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Interview With a 99-Year-Old Athlete

Urban Primalist

He'll be 100 in January

A friend at my gym introduced me to Paul, tournament tennis player and WWII vet. Paul's incredible lean strength proves that advancing age does not mean decripitude.

One of the most intriguing things about Paul is his genuine interest in other people. Rare among people of any age, but notably common among sharp older people. Paul destroys the senior stereotype of complaints of infirmity and obsession with medical care. Whenever I see him the first thing he does is ask me detailed questions about my training. That may be Paul's most important lesson.

Recently I ran into him after a set of presses while my camera was still rolling and I compiled this transcript of our conversation.


P: I go to bed at 10:30 and get up at 4. 4:30, I have my breakfast.  There’s a Vietnamese bakery that’s open 24 hours a day.  They have everything.  Every pastry, every muffin, every scone, every donut, every coffee cake.  They must have a hundred varieties.  And I go there and I pig out.  Twice a week.  Monday and Saturday.

T: I would have thought you had the most perfect diet in the world.  But no…!

P: I’ve got the worst diet in the world!  I like comfort food.  And comfort food is the worst thing you could eat!  I mean hamburgers, and french fries… I eat the worst diet.  But I’m happy.  The thing is, I always played competitive sports.  So I exercise every day, but I don’t realize it, because I play football, baseball, basketball, hockey… I play every sport, it depends on what season.  You’re there for two, three hours, and you’re getting your workout.  You don’t have to come here [to the gym], you don’t have to go on a bike, you’re running all day!  So I did that since I was seven years old.

T:  No kidding.  So did you learn that from your parents?  How did you learn to do that?

P:  I grew up in Brooklyn in a neighborhood where they had maybe forty guys and forty girls, about your age (I'm 37 -T).  They always had a game in the street, always competing against one another.  Most kids were afraid to compete, but we had to compete from the very beginning.  And I didn’t realize it but I was exercising.  And at sixty I went to tournament tennis, senior tennis, there’s a different group every five years.

T: So some people must have told you, oh, you can’t do that, you’re sixty.

P: No, in fact… my [inaudible] said I would catch consumption.  Consumption is what they called tuberculosis.  I was running around so much, I’d get consumption!  But in all my life, I always competed in some sport.  And this here [the gym] I did just to augment my ability in tennis.  I started tennis when I was about 50, and I went into tournaments when I was 60.  And I quit when I was 84.  Because the knee wouldn’t take the pressure, the way I played tennis.  So I came back here [to the gym].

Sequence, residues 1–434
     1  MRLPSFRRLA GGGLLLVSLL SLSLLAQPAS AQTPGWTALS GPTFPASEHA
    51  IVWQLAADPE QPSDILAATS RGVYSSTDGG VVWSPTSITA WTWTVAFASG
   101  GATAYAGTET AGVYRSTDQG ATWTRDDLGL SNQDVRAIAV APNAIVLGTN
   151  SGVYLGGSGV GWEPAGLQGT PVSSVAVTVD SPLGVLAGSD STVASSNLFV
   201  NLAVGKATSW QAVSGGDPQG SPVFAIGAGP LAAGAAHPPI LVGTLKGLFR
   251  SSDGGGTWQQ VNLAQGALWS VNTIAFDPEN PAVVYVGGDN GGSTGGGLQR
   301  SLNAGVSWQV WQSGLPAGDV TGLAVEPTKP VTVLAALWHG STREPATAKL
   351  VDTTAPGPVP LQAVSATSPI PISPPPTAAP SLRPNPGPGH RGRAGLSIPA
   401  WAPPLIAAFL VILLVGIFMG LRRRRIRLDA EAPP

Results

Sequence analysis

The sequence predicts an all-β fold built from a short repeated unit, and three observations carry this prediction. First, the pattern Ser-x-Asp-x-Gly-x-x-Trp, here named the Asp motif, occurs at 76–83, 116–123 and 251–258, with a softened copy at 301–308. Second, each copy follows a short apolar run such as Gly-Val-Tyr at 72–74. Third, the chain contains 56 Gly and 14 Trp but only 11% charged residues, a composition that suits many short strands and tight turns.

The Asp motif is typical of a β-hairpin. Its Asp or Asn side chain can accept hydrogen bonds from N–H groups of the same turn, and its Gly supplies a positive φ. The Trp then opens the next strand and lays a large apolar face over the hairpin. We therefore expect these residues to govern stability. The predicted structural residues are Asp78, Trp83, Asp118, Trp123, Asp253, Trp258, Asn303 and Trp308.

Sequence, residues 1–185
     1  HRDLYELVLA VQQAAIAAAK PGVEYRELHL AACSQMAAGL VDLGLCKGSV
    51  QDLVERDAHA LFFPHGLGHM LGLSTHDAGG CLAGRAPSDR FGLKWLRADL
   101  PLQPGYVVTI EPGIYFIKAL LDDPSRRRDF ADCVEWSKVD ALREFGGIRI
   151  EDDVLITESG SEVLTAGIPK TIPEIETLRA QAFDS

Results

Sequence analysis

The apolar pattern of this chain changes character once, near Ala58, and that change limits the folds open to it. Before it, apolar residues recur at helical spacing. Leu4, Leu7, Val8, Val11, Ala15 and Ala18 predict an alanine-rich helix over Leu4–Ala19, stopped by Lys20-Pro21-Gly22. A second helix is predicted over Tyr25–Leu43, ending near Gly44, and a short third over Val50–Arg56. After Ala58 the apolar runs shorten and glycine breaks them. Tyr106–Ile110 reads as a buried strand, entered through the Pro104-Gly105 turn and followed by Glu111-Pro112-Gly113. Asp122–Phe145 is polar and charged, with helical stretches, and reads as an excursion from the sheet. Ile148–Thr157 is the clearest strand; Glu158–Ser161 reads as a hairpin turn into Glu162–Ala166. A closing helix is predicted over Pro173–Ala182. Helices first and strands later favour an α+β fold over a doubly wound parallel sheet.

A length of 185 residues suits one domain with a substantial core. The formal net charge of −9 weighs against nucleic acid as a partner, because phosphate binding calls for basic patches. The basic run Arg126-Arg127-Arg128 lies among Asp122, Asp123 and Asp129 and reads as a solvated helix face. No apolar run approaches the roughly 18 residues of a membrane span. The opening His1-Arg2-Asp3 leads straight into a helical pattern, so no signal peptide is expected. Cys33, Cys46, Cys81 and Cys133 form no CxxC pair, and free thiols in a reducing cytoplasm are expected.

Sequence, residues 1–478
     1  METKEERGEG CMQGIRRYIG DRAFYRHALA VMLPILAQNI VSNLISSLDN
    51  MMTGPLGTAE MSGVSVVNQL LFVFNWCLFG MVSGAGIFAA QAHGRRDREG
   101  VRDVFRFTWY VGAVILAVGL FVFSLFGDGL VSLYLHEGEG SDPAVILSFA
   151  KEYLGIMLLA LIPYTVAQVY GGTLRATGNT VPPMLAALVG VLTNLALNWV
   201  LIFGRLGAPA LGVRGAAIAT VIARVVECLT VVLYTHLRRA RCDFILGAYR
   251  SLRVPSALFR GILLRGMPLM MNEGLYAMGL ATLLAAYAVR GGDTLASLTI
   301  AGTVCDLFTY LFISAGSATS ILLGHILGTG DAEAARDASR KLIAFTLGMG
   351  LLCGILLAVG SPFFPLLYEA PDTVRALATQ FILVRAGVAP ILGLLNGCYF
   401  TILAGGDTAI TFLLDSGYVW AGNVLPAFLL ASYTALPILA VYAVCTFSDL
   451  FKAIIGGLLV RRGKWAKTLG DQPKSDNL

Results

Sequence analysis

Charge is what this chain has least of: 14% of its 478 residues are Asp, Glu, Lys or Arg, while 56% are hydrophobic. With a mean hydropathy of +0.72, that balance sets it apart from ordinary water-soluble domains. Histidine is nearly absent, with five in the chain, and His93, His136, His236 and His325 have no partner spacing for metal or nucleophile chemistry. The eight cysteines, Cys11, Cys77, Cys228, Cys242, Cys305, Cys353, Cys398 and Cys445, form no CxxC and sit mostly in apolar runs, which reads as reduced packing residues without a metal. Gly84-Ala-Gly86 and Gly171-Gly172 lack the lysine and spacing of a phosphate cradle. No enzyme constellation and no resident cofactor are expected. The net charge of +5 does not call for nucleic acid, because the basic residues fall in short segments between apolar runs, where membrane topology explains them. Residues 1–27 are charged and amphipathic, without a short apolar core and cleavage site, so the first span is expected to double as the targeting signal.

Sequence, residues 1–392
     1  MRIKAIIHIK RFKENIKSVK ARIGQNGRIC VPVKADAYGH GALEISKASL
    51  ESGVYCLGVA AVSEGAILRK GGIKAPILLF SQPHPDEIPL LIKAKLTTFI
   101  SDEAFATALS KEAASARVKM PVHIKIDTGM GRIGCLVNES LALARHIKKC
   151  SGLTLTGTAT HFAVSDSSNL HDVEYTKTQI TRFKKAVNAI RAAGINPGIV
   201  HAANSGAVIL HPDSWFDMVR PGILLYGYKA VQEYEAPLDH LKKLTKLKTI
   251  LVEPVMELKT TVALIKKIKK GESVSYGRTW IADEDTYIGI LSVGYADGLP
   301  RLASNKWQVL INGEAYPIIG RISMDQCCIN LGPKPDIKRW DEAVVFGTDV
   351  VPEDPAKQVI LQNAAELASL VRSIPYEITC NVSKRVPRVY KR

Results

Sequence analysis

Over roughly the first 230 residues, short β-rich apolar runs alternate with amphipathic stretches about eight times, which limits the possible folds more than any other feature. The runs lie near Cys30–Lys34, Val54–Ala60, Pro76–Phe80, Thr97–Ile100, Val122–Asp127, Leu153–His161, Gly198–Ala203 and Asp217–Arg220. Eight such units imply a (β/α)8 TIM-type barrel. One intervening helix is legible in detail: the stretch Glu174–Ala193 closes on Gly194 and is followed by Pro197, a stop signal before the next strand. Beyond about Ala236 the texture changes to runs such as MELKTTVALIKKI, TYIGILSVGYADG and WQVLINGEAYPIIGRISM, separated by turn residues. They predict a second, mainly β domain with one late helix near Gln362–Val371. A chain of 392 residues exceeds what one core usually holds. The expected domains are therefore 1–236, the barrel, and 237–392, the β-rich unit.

T: So you’ve still got your shoulders and your hips?

P: Yeah… the hips.  Don’t want to lose my hips.  Once you lose your hips, you’re in trouble, it’s worse than the knee.  Because everybody I know has lost their hips.  It’s really dangerous.

T: So what should I do now to be healthy when I’m your age?

P: What you’re doing now… you see, everybody’s different.  You’re doing this [lifting].  It gets the blood flowing.  It gets the endorphins.  You’re feeling good.  This is your sport.  Stick with this the rest of your life.  Maybe you don’t use the heavy weights, but you just use enough weight to make yourself feel like you’re still getting a workout.  Everybody has their… I can’t tell another person what to do.  Everybody’s got to listen to that speaker inside their system.  It’s in here [points to chest] and you speak through it.  It’s yours.  You’re different than everybody else in this world.  And you gotta know what makes you tick.  Not what makes the other guy tick.  The other guy will tell you, do this and do that, because it’s good for him.  But it might not be good for you!  You follow your own… tick, whatever it is.  You stick with that the rest of your life.  The way you’re working now, you can’t beat it, because you love it!  It’s a labor of love.  Why does every guy go and say, oh, you should play… tiddlywinks.  Or golf or something, go into golf.  You just do what you’re doing and you’ll be feeling good for the rest of your life.  You gotta be in touch with yourself or you’re a lost soul.  And if you’re a lost soul nobody can tell you how to get back on track.

Now I want to chin about five times.  Where’s the step?

 I placed the step-stool for Paul and held his hand as he stepped on to it.  He grasped the chin bar with a wide overhand grip and did five pull-ups, revealing incredible muscular definition.  Then he held my hand again as he stepped down with exquisite care like the centenarian he almost is.

Paul explained with a twinge of disappointment that he was still working back up to ten.

All text copyright © 2010-2013 Timothy Williams